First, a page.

- zip/tar files whose name contains chinese characters on Windows system, unzip/untar it in Linux system.
- run migrated legacy java web application (designed on Windows system, using GBK encoding in JSP) which write GBK-encoding-named files to disk.
- ftp get/put GBK-encoding-named files between Windows FTP server and Linux client.
- switch LANG environment in Linux.
The common issue of the previous mentioned are file locating/naming. After googled, I got an article Using Unicode in Linux https://www.linux.com/news/using-unicode-linux/, it said:
the operating system and many utilities do not realize what characters the bytes in file names represent.
So, it's possible to have two files with same name (SAME when their names are decoded by correct character set, but DIFFERENT in bytes), such as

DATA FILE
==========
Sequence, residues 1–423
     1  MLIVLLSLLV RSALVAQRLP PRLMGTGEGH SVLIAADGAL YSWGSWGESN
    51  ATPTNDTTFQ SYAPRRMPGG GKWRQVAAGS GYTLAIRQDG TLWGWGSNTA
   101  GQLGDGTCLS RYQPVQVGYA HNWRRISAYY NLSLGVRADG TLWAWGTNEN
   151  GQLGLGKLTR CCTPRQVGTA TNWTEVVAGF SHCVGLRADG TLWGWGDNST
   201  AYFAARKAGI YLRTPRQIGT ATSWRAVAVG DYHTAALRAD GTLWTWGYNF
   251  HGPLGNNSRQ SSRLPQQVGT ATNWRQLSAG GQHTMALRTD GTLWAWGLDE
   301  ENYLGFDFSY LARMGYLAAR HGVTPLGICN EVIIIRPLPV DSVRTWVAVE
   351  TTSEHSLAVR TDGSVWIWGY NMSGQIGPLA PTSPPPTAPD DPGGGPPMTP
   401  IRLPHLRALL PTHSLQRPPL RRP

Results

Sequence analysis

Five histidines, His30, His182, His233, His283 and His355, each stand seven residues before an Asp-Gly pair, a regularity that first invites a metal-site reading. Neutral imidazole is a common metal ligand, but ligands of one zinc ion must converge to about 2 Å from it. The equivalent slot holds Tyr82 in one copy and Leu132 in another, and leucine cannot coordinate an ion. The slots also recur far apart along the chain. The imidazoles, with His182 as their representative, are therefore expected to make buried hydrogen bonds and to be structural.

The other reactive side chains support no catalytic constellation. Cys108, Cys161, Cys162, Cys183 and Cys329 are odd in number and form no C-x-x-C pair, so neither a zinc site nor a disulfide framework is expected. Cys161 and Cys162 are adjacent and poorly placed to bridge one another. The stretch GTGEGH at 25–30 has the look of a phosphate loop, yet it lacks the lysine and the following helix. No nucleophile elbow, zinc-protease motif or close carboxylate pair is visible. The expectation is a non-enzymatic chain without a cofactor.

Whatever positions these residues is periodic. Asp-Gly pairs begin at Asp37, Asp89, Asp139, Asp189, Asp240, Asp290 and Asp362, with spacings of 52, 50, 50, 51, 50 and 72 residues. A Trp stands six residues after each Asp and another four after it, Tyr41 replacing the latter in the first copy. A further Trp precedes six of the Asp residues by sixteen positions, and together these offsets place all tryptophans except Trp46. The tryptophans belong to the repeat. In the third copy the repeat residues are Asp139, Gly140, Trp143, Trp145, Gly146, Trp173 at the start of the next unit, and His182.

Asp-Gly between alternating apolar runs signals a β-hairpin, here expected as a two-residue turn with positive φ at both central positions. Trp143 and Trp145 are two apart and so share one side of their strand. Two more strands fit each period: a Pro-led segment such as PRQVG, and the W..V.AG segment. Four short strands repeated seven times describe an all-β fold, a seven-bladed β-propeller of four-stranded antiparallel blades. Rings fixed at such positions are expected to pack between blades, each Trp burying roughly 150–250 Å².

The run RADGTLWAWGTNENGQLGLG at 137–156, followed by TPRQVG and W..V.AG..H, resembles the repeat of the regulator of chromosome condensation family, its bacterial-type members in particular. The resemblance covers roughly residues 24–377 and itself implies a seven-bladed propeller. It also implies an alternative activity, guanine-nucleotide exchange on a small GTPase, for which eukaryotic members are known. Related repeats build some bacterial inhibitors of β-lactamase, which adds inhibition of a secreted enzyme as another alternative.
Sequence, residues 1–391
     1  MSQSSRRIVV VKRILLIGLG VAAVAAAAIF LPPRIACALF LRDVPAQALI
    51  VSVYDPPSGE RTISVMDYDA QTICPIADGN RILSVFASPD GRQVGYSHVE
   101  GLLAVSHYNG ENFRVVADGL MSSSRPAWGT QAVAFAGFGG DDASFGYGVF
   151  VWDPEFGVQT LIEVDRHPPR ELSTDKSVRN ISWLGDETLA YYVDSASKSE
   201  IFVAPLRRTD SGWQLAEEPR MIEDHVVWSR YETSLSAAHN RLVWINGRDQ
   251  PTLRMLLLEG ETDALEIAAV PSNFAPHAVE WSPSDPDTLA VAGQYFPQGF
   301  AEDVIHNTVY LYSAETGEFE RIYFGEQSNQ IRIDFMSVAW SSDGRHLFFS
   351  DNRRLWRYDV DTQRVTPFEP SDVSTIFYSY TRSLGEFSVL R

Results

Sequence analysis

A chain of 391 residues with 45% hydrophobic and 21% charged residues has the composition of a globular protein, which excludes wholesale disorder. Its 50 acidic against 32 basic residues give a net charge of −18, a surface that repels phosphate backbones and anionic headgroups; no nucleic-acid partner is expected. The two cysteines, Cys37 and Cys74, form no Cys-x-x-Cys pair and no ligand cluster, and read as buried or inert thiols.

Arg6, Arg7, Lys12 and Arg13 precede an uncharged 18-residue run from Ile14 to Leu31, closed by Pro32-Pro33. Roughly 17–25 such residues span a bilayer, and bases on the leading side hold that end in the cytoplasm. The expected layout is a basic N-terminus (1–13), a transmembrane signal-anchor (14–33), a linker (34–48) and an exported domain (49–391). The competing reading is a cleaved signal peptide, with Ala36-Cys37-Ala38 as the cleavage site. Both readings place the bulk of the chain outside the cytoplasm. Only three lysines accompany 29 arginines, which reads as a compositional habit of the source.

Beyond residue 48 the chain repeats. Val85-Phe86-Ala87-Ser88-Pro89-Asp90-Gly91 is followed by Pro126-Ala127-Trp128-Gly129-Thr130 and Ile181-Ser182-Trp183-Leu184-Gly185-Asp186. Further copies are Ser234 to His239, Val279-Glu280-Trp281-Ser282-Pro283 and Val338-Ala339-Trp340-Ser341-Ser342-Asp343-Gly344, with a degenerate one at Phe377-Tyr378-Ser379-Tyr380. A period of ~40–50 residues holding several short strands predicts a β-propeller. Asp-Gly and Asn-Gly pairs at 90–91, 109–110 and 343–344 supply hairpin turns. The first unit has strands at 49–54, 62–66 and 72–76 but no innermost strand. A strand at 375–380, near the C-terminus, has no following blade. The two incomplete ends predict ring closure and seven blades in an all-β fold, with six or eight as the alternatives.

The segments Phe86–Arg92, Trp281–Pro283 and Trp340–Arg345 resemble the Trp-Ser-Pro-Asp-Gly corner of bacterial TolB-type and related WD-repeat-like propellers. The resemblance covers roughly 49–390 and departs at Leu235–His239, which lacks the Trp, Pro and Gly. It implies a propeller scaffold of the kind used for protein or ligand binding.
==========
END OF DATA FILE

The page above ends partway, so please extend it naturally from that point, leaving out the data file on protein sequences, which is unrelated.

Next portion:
中文.txt, but in different encoding:
[root@fedora test]# ls ???? 中文 [root@fedora test]# ls | iconv -f GBK 中文 涓iconv: illegal input sequence at position 7 [root@fedora test]# ls 中文 && ls $'\xd6\xd0\xce\xc4' | iconv -f gbk 中文 中文
- Is it possible to config linux filesystem use fixed character encoding (like NTFS use UTF-16 internally) to store file names regardless of LANG/LC_ALL environment?
- Or, what I actually want ask is: Is it possible to let file name 中文.txt (
$'\xe4\xb8\xad\xe6\x96\x87.txt') in zh_CN.UTF-8 environment and file name 中文.txt (
$'\xd6\xd0\xce\xc4.txt') in zh_CN.GBK environment refer to same file?
- If it's not configurable, then is it possible to patch kernel to translate character encoding between file-system and current environment (just a question, not request implementation)? and how much performance con effect if it's possible?